The 2-year experience of planning and executing Journeying Together revealed that gifted leaders from this generation of younger Catholics are present. They struggle to be recognized and heard. Consequently, we the church must open our ears and hearts to the prophetic voices among us. This is not an either-or generation proposition. It is an invitation to step into intergenerational dialog and cooperation, as well as authentic intercultural friendship. What an exciting, promising opportunity!   
  Today many of the faithful lament the departure of teens and young adults from formerly vibrant parishes. True pre-Covid, this is more evident as many families continue remote worship. Where did the young people go and why did they leave? Elders shake their heads and wring their hands in despair while pastors and parish groups attempt to surface solutions to bring them back. The question is, bring them back to what? Why would younger folks come back to more of what sent them away? We could ask the remaining few. 
In the meantime, I invite seasoned Catholics active in dioceses and national organizations to recall moments when you decided to serve God through active participation in the church. Who encouraged you to respond affirmatively? It’s likely several people and situations prompted your movement to a closer relationship with God and moments of hesitation. As one younger ministry leader shared with me, established Catholic leaders who wish to engage new leaders would do well to reflect vividly on their own points of conversion and transformation. Start by identifying incidents that turned you on and off to the Church as you were coming up.   
   What I’m speaking of is Evangelization. It is at the top of our job description as followers of Jesus Christ. Thus, the Subcommittee on African American Affairs (SCAAA) is developing several efforts to situate Black Catholic Ministry where Generation X, Millennials and Gen Z folk and their allies live. Boomers and older generations will reap the benefits, too. 
1. SCAAA Evangelization Task Force is partnering with the National Black Catholic Congress Office to include an Evangelization track at Congress XIII. Details are being worked out. 
2. Supporting Catholic Campus Ministry Outreach at HBCUs in dioceses and proximate parishes, SCAAA wishes to leverage the rich potential for relationships with HBCUs and the local Black Catholic community. SCAAA is creating a network of existing and new campus ministers. We invite the support of Black Catholic HBCU alumni and financial supporters. How can you help? Provide welcoming parishes for Mass, reception of the Sacraments, RCIA, parish/diocesan events, service opportunities and young adult ministry. For example, as relationships are formed offer a ride to church, a home cooked Sunday dinner with your family or friendly after Mass conversations. Also note, there is an urgent need for dedicated Catholic campus ministers and supporters.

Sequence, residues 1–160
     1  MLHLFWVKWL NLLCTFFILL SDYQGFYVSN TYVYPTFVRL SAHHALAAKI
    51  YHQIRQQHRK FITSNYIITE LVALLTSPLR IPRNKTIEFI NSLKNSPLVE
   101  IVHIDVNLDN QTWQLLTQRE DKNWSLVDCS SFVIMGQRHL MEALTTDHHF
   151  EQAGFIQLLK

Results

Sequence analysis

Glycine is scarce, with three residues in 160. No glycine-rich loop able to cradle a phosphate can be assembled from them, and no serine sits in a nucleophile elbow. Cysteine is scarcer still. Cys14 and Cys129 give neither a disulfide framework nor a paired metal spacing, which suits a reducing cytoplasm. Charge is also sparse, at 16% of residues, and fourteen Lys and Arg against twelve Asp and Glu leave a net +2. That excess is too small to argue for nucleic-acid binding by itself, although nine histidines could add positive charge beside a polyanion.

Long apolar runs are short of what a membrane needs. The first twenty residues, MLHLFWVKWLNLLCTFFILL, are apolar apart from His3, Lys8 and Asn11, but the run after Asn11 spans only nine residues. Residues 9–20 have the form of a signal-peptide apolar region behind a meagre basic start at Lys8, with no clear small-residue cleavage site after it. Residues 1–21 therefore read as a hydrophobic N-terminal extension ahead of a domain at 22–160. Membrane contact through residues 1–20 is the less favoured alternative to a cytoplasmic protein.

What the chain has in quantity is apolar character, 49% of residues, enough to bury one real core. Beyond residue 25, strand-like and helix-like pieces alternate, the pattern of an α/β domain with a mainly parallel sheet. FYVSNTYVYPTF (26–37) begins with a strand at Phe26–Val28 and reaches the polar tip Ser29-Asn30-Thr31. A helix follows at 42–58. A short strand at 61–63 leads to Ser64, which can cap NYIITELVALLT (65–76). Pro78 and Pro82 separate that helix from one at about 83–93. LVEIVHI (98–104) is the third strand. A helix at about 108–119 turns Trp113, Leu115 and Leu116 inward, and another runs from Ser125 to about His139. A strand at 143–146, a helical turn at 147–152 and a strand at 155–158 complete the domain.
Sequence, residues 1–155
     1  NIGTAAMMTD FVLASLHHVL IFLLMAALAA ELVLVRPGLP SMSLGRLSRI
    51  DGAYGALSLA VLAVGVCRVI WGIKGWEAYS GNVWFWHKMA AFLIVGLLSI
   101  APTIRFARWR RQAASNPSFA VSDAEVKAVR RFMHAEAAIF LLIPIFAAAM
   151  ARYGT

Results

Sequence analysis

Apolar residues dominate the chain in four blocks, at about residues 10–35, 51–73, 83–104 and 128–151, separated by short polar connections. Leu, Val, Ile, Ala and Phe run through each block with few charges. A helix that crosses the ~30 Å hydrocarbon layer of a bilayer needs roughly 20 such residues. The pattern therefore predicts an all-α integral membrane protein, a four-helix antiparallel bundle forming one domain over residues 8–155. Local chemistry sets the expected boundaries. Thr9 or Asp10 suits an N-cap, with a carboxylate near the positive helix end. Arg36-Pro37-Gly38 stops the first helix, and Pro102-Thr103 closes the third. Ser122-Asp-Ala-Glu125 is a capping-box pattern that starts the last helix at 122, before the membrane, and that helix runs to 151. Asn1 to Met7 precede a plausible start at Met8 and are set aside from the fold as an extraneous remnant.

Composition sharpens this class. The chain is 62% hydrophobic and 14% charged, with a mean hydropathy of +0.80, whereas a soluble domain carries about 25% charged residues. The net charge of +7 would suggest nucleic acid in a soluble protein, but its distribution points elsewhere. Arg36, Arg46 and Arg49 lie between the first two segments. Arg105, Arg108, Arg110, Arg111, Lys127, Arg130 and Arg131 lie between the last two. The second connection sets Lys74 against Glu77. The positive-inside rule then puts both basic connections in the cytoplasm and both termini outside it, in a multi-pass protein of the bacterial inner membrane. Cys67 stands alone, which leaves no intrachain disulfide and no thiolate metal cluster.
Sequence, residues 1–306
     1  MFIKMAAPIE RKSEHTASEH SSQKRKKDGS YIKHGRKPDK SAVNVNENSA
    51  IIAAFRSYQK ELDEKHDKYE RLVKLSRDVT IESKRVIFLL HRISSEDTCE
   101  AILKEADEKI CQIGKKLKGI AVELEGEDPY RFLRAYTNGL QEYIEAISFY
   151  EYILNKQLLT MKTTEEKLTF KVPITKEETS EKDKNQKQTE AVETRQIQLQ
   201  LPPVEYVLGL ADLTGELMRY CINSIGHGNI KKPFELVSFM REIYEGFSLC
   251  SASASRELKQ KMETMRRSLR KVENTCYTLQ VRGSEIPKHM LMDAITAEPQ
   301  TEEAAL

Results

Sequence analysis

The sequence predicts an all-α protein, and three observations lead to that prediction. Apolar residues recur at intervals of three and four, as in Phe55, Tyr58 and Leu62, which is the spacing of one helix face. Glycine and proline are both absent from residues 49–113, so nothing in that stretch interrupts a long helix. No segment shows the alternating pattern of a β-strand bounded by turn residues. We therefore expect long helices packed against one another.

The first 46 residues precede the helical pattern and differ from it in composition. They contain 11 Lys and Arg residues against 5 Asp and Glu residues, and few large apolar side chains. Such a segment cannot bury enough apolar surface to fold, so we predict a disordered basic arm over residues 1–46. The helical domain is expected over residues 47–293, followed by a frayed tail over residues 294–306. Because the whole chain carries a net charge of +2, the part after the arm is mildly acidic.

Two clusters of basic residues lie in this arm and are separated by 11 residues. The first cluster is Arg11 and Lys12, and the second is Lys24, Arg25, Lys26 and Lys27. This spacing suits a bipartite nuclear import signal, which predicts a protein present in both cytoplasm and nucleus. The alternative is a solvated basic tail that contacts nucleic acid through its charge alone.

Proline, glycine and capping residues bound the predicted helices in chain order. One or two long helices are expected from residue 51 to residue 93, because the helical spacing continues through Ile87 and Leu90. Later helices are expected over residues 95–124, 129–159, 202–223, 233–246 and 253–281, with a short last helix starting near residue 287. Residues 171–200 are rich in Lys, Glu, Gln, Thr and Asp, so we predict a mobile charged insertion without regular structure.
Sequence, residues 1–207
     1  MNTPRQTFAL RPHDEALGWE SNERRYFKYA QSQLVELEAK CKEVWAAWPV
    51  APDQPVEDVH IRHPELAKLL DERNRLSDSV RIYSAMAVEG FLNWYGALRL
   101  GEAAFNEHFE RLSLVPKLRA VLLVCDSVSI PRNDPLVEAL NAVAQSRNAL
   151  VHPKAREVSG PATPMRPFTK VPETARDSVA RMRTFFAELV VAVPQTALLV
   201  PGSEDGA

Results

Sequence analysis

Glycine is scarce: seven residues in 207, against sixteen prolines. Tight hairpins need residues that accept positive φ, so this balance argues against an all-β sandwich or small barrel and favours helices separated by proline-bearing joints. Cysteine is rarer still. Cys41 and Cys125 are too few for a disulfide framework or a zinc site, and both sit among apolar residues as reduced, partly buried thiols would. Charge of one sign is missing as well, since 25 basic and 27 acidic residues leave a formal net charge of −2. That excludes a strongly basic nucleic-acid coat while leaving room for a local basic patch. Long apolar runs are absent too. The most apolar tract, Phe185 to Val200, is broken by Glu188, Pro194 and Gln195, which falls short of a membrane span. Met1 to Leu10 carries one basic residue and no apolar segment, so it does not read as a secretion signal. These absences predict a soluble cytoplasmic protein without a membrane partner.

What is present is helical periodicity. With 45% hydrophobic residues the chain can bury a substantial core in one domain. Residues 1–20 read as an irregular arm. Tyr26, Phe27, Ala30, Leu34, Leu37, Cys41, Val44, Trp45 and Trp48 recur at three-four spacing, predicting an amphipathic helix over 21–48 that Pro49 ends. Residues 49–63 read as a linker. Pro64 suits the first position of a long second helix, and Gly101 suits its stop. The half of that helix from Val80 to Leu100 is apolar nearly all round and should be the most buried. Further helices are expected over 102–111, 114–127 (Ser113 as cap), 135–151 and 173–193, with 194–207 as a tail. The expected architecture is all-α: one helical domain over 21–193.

3. Building on the success of the Journeying Together initiative the Black/African American (BAA) family of young adults and ministry leaders together with USCCB will launch follow-up action this Fall. Local dioceses, parishes and national organizations will be invited to participate. Look for updates from your diocesan and KPC leaders.    
Finally, I invite you to prayerfully evaluate how you can engage in robust evangelization with prayer and action. As Jesus urged us, “Do not despise these young ones.”           

See Chairman's Video Message on Evangelizatio


Subcommittee Members

Reflections on the Movement for Black Lives (BLM)

The resources which follow are a series of four articles on the expression “Black Lives Matter” provided by the Subcommittee on African American Affairs of the United States Conference of Catholic Bishops. These articles do not claim to be a definitive statement on this matter. They are posted in the hope of providing background information which might help clarify what sometimes can be a controversial topic and serve as a stepping stone toward further reflection and dialogue on the important matter of racial more.